Work less, make more

Maybe this doesn’t apply when you’re trying to juggle a 9-5 job and writing or you’re a writer with a baby on your arm half the day, but there is an argument that the number of hours you work does not equal the amount you get done.

A properly dry academic research paper by John Pencavel looked into it and 25 pages later concluded:

This re-examination of the recommendations relating to hours of work of the HMWC finds them
broadly consistent with our analysis: at the levels of working hours in 1915 and 1916 during the War, hours reductions would have had small or no damaging effects on output; those weeks without a day of rest from work had about ten percent lower output than weeks when there was no work on Sunday holding weekly hours constant; night work was not less productive than day work and, indeed, may have been slightly more productive.

The Productivity of Working Hours – discussion paper no. 8129 – John Pencavel, Stanford University and IZA (April 2014)

That link is to the full PDF of the research paper so only click it if you’re really interested in this stuff to academic detail.

If you’re not, it boils down to how working 55 hours can achieve the same results as working 70 and I think we knew that. We ignore it and press on into the night, but the quality of our work and the speed drops stone-like after a while.

So don’t do that, okay?

Via LinkedIn and

TextExpander, again

You know when you hear of something, you seem to keep hearing of it? Everywhere? I don’t know why this would be the case with TextExpander this week, since I’ve been using it for months, but it is. Many, many times this week I’ve read of a new use for this software or I’ve learnt how it can help me.

I’ve mentioned TextExpander a lot too. It’s software for Apple gear – utterly fantastic on Mac, less so on iOS – which lets you type a short code and have that be automatically replaced by as much text as you like. I use it for signing off emails; I don’t like signatures but if I’m sending to this person, I’ll have TextExpander pop in that sig.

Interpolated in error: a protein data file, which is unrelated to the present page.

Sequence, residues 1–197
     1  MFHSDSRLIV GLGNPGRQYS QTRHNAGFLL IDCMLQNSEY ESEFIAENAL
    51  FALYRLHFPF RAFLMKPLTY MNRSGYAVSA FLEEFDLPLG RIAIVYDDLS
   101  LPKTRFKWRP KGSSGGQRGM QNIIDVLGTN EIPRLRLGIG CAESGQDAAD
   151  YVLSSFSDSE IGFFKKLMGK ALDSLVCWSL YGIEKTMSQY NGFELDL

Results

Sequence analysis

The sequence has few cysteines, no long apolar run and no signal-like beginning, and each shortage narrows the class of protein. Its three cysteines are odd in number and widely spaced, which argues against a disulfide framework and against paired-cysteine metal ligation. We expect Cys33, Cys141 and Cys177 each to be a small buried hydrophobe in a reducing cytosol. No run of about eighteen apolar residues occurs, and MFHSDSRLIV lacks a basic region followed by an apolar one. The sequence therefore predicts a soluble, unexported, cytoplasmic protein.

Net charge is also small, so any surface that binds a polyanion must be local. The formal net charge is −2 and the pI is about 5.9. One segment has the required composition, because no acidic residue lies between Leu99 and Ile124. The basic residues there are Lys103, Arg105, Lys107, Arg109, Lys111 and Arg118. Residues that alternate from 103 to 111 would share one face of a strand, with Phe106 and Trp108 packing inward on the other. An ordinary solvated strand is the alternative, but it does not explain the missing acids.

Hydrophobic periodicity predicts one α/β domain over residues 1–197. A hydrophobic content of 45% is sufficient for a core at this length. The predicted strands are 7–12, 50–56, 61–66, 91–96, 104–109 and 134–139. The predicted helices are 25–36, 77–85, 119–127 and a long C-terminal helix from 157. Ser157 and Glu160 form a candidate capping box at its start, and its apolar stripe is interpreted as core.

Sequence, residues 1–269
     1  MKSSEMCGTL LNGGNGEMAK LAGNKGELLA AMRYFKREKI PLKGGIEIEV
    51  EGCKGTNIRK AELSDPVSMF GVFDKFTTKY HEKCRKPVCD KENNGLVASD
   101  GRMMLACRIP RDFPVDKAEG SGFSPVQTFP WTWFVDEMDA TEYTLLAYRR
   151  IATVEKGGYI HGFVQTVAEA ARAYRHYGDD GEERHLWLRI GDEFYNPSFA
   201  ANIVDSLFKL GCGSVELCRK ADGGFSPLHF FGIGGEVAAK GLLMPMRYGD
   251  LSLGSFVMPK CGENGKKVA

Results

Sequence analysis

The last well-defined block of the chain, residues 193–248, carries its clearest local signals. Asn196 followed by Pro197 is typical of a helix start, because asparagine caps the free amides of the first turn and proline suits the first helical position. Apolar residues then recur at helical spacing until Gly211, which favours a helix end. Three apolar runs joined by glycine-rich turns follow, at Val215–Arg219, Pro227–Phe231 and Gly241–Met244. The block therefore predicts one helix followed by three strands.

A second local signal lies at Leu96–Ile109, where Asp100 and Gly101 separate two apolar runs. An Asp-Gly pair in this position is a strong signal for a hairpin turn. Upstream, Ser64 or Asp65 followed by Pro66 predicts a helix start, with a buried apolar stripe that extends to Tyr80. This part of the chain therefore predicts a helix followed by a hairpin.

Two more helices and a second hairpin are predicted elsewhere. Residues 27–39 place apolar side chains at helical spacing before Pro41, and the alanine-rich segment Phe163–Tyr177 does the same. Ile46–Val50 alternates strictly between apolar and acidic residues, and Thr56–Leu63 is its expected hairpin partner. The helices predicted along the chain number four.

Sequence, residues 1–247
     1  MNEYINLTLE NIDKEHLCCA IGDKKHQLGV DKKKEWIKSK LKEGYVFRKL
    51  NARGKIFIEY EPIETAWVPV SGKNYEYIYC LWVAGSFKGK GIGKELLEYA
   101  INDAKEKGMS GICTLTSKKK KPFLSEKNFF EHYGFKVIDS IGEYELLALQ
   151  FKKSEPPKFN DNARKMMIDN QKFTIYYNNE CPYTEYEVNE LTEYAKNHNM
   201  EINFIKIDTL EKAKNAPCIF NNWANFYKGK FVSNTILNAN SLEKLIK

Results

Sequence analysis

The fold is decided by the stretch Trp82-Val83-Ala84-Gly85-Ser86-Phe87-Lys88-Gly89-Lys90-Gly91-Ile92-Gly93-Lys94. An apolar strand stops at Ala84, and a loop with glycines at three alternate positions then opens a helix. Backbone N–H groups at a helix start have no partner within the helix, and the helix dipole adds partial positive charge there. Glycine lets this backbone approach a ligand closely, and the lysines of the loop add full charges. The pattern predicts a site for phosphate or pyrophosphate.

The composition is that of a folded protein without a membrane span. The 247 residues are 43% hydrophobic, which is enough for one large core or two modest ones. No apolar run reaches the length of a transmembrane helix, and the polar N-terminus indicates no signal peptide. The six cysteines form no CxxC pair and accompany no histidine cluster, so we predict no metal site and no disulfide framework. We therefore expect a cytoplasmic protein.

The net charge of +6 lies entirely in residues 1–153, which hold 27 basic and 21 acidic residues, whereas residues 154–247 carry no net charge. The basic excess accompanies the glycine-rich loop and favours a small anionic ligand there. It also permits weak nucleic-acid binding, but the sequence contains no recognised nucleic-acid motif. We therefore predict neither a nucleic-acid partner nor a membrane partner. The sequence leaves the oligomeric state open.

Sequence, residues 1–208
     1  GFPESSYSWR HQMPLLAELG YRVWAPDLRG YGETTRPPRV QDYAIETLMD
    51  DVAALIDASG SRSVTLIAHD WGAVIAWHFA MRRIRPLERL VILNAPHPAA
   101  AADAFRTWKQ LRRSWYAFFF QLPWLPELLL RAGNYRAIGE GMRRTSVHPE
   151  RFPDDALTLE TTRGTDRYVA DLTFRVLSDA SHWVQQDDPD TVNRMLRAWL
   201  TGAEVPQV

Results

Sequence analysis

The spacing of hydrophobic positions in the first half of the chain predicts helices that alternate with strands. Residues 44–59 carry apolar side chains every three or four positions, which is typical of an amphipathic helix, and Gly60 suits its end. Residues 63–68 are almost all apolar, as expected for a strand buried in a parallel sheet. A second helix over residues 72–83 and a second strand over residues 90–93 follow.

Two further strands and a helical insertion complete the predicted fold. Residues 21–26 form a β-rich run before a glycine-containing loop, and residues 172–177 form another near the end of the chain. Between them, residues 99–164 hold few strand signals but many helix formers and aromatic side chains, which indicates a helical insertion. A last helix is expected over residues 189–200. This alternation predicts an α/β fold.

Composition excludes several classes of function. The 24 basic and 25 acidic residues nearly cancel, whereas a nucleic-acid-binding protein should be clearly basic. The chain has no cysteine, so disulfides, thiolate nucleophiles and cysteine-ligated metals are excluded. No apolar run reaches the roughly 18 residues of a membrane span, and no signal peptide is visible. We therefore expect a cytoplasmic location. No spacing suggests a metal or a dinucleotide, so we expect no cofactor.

I use it in the writing of The Blank Screen email newsletter every week: to include video in that, you have to remember a set of codes and I don’t. I used to have close the latest newsletter, open up the last one, copy the codes out, then reopen the latest one and paste. Now I just type the letters “xembed” and, bing, it’s all typed out for me.

But those codes represent maybe half a line of typing. It’s not long, it’s just difficult to remember. My signatures range from one word (“William”) to a couple of lines with my contact details. Now Academic workflows on a Mac has shown how to use this to write entire letters:

The time it takes to write recommendation letters usually increases dramatically with the years spent teaching in a University. This is not a responsibility that should be ditched: many former students – especially those applying for academic positions – deserve glowing recommendations which should be hand-crafted and long. Even in this business Mac automation tools such as TextExpander can take care of the routine and let you focus on creative and important parts.

I almost always conclude my letter with a standard phrase which looks as follows:

Please do not hesitate to contact me should you have any questions about Anton‘s competencies or Lund University.
Thank you for your attention in this matter and I wish you to select the best recipients of your scholarship.
Aleh Cherp

TextExpander for Writing Recommendation Letters – Aleh Cherp, Academic Workflows on a Mac (17 July 2014)

Cherp has one TextExpander snippet, as they’re called, which spits out all of that but with options. You’d hope so, unless Cherp only teaches students named Anton. But take a look at the full piece for how it’s done – and if you’re already a TextExpander user, you’ll find the complete details for how to do exactly this yourself.

And if you’re not a TextExpander user, go get it and change that.